| ORIGINAL ARTICLE
|Year : 2017 | Volume
| Issue : 4 | Page : 286-290
Is a diagnostic video-assisted thoracoscopic thymectomy an acceptable first-line approach to the suspicious anterior mediastinal mass?
Ricky Vaja, Vijay Joshi, Alan G Dawson, David A Waller
Department of Thoracic Surgery, Glenfield Hospital, Leicester, LE3 9QP, UK
Introduction: The incidental early-stage thymic mass presents a diagnostic challenge. Video-assisted thoracoscopic (VAT) thymectomy is an attractive but potentially morbid solution. The aim was to show it can be safely applied as a first-line modality in those with undiagnosed thymic enlargement with acceptable long-term results.
Methods: A total of 45 patients were identified (24 male, median age 52 interquartile range [IQR]: 41–66 years) in a 14-year experience who had CT evidence of an enlarged, possibly malignant thymic mass, but no tissue diagnosis before undertaking VAT thymectomy. The clinical outcomes of both benign and malignant diagnoses were compared.
Results: Myasthenic symptoms were present in 20 patients (44%), whereas 15 (33%) were asymptomatic. Benign lesions were resected in 27 patients (60%): thymic hyperplasia (56%), thymic cyst (33%), lipoma (7%) and xanthogranulomatous inflammation (4%). Of the 18 malignant patients, 82% had thymoma (three had Masaoka Stage I, 11 Stage II and one Stage III), 6% thymic carcinoma, 6% teratoma and 6% seminoma. Seven patients required radiotherapy for R1 resection. There was no difference in median hospital stay in either group: Benign group: 4 versus 5 days (P = 0.07). One patient in both groups required conversion to open. Two patients in the malignant group had significant morbidity (one myocardial infarction and one pulmonary embolism). There were no cases of tumour recurrence or mortality at a median follow-up of 6.6 years (IQR: 4.4–9.5 years).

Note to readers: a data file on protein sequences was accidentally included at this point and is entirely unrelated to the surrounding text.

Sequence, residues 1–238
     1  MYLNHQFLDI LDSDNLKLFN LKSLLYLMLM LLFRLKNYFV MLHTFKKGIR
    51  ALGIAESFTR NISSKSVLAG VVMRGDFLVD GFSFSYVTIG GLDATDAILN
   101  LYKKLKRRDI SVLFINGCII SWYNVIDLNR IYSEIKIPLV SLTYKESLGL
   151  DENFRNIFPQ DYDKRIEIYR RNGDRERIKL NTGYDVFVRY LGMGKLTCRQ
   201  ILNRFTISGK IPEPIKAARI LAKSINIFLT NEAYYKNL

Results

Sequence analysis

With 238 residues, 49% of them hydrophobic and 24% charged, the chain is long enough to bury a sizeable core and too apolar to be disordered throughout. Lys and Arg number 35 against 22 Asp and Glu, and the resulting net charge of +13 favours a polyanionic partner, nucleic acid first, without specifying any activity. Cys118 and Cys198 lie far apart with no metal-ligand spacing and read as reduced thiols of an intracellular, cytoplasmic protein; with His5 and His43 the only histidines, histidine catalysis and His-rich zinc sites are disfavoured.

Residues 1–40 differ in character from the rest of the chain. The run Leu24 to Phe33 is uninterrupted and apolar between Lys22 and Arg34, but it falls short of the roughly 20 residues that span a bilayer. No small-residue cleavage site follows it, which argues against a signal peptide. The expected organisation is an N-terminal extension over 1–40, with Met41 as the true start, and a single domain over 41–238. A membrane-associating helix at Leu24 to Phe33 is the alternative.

Conclusion: Right-sided diagnostic VAT thymectomy is a safe and effective first-line approach to suspected malignant thymic enlargement. At 5-year follow-up, there were no cases of recurrence in the malignant group.
Department of Thoracic Surgery, Glenfield Hospital, Groby Road, Leicester, LE3 9QP
Source of Support: None, Conflict of Interest: None
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